High Temperature Gassing Out

The process of “gassing out” metal parts to reveal hidden and trapped oils in preparation for applying Cerakote involves utilizing an oven to induce expansion and release the trapped oils. The metal parts are placed in the oven and subjected to controlled heating at specific temperatures. As the temperature rises, the metal expands, causing the trapped oils within the pores and crevices to be released and brought to the surface. This process effectively “gasses out” the oils, making them more accessible for subsequent removal. Once the oils have been released, the parts are carefully cleaned to eliminate any residual contaminants, ensuring a pristine surface ready for the application of Cerakote. The process must often be repeated multiple times removal all residual oils. This essential step helps achieve optimal adhesion and ensures a flawless finish that is both visually appealing and long-lasting.


The process of racking parts for spraying involves careful organization and positioning of the parts to be coated, ensuring efficient and effective application of Cerakote. Racking typically involves the use of specialized fixtures or racks designed to securely hold the parts during the spraying process. Parts are strategically placed on the racks, considering factors such as size, shape, and accessibility for thorough coating coverage. Proper spacing between parts is maintained to prevent interference and ensure even coating application. The racks are designed to allow easy rotation or manipulation of the parts, enabling the applicator to reach all angles and surfaces effortlessly. Additionally, attention is given to hanging points or contact areas to minimize any potential marking or damage to the parts. The process of racking parts for spraying is a crucial step in achieving consistent and professional results, maximizing efficiency and ensuring the optimal adhesion and appearance of the Cerakote coating.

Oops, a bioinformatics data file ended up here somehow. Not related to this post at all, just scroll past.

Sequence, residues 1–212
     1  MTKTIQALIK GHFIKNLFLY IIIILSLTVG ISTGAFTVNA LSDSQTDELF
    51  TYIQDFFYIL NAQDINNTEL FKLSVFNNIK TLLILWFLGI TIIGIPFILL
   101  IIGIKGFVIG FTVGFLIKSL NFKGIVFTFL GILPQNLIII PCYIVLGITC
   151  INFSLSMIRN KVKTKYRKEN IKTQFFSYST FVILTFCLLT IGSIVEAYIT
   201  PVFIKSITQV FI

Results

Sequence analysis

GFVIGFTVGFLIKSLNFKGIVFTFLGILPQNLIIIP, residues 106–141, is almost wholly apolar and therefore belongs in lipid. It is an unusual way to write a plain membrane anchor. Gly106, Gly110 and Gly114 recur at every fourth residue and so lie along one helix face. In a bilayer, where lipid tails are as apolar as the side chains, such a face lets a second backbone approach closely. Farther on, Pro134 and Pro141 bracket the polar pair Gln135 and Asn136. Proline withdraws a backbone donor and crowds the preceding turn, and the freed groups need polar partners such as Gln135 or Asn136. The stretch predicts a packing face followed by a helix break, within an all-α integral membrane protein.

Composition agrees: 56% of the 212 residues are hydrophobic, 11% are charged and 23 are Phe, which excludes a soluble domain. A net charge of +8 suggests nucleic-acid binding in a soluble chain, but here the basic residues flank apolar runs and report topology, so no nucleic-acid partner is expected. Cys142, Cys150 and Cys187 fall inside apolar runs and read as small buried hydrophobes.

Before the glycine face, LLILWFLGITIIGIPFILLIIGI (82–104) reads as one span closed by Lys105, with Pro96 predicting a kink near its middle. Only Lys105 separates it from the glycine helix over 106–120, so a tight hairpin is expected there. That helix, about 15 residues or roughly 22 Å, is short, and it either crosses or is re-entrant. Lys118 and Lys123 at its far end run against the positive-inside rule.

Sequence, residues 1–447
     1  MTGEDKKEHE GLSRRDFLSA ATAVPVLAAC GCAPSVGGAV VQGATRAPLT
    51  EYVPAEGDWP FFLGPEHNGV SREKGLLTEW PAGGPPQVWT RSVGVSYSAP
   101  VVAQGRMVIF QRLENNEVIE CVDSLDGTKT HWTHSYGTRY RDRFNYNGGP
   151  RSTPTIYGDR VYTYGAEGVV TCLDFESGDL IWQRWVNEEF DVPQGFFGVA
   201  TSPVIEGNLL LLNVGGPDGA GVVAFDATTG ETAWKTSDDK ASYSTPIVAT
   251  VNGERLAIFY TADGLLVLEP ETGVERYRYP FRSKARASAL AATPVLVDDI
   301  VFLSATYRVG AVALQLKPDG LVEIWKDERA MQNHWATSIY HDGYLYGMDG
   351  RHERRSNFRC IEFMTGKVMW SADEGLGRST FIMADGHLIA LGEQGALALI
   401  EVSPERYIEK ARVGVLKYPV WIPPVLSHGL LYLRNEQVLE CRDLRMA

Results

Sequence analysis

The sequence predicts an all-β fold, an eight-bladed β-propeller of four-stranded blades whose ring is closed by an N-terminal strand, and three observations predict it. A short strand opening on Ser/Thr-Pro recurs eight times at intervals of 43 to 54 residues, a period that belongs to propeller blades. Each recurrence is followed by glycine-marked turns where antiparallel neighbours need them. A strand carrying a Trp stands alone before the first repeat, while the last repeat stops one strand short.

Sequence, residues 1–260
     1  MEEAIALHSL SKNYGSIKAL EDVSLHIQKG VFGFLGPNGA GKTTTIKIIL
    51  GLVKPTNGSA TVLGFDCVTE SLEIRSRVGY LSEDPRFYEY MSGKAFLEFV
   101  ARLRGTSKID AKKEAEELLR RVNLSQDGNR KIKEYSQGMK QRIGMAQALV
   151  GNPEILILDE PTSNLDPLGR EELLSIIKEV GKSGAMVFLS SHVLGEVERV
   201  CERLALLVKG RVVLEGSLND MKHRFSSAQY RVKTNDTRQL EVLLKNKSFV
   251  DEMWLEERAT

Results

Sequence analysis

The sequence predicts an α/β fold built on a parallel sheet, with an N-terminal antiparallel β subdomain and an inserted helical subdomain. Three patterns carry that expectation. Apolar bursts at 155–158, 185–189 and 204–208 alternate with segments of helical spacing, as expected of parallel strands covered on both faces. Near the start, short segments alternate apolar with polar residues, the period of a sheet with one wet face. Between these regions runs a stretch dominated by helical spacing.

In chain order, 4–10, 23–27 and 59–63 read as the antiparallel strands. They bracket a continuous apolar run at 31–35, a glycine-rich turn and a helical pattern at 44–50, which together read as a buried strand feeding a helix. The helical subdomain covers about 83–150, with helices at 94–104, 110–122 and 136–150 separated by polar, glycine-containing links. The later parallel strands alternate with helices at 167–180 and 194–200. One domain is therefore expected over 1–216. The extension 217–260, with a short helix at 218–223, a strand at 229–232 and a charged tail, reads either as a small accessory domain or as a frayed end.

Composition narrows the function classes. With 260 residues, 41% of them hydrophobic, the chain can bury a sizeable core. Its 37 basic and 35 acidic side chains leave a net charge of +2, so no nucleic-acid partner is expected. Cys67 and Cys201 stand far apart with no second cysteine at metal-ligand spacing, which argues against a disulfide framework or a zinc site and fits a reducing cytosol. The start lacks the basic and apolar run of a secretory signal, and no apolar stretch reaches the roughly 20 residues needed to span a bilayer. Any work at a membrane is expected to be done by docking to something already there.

Stenciling/Camo Sets

The process of designing, printing, and applying stencils in preparation for spraying parts with Cerakote involves a meticulous and artistic approach to achieve desired patterns and effects. First, the design phase begins, where custom patterns or artwork are created digitally using graphic design software. Once the design is finalized, it can be printed onto stencil material using a specialized printer or plotter. The stencil material is carefully selected for its durability and adhesive properties.

After printing, the stencils are meticulously cut out to create the desired shapes and designs. The precision cutting is crucial to achieve clean edges and seamless transitions in the final result. The stencils are then applied to the parts to be coated, ensuring they adhere firmly and securely.